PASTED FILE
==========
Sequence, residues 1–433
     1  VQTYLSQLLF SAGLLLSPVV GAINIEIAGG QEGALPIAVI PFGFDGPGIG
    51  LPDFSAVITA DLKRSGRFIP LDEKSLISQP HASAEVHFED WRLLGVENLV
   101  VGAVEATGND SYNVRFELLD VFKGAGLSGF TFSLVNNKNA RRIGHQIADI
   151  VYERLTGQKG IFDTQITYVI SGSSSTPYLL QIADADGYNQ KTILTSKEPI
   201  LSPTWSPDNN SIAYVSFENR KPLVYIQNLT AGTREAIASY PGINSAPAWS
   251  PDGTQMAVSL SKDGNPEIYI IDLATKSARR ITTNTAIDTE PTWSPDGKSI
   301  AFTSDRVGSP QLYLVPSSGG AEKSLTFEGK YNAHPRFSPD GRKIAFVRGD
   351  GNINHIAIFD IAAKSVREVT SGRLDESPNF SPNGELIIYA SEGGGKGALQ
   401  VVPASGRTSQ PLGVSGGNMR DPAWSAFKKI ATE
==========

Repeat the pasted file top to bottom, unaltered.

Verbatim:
Sequence, residues 1–433
     1  VQTYLSQLLF SAGLLLSPVV GAINIEIAGG QEGALPIAVI PFGFDGPGIG
    51  LPDFSAVITA DLKRSGRFIP LDEKSLISQP HASAEVHFED WRLLGVENLV
   101  VGAVEATGND SYNVRFELLD VFKGAGLSGF TFSLVNNKNA RRIGHQIADI
   151  VYERLTGQKG IFDTQITYVI SGSSSTPYLL QIADADGYNQ KTILTSKEPI
   201  LSPTWSPDNN SIAYVSFENR KPLVYIQNLT AGTREAIASY PGINSAPAWS
   251  PDGTQMAVSL SKDGNPEIYI IDLATKSARR ITTNTAIDTE PTWSPDGKSI
   301  AFTSDRVGSP QLYLVPSSGG AEKSLTFEGK YNAHPRFSPD GRKIAFVRGD
   351  GNINHIAIFD IAAKSVREVT SGRLDESPNF SPNGELIIYA SEGGGKGALQ
   401  VVPASGRTSQ PLGVSGGNMR DPAWSAFKKI ATE